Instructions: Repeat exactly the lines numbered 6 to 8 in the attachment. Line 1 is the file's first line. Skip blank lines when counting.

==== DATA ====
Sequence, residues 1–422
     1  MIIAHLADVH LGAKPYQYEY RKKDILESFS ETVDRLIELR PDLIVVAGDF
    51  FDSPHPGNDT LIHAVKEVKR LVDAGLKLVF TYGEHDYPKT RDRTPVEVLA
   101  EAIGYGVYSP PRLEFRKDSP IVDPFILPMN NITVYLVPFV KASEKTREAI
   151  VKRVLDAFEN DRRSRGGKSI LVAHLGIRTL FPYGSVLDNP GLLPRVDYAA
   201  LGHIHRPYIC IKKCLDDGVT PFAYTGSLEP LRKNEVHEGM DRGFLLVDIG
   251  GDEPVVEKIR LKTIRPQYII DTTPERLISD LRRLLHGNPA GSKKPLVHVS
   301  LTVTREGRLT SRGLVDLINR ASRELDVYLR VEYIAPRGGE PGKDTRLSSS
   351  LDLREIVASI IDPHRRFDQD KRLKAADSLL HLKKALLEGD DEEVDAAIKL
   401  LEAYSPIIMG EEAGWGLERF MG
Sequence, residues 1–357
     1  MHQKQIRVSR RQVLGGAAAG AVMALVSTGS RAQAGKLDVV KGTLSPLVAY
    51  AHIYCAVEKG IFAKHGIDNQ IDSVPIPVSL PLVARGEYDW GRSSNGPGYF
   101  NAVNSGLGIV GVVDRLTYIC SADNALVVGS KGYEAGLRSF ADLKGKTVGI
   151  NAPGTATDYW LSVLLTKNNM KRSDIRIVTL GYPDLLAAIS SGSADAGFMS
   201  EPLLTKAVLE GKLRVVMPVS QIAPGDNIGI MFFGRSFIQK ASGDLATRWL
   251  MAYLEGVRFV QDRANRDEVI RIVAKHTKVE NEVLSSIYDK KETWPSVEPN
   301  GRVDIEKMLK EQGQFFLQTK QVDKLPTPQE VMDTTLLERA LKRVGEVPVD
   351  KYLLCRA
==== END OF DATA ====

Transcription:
   201  LGHIHRPYIC IKKCLDDGVT PFAYTGSLEP LRKNEVHEGM DRGFLLVDIG
   251  GDEPVVEKIR LKTIRPQYII DTTPERLISD LRRLLHGNPA GSKKPLVHVS
   301  LTVTREGRLT SRGLVDLINR ASRELDVYLR VEYIAPRGGE PGKDTRLSSS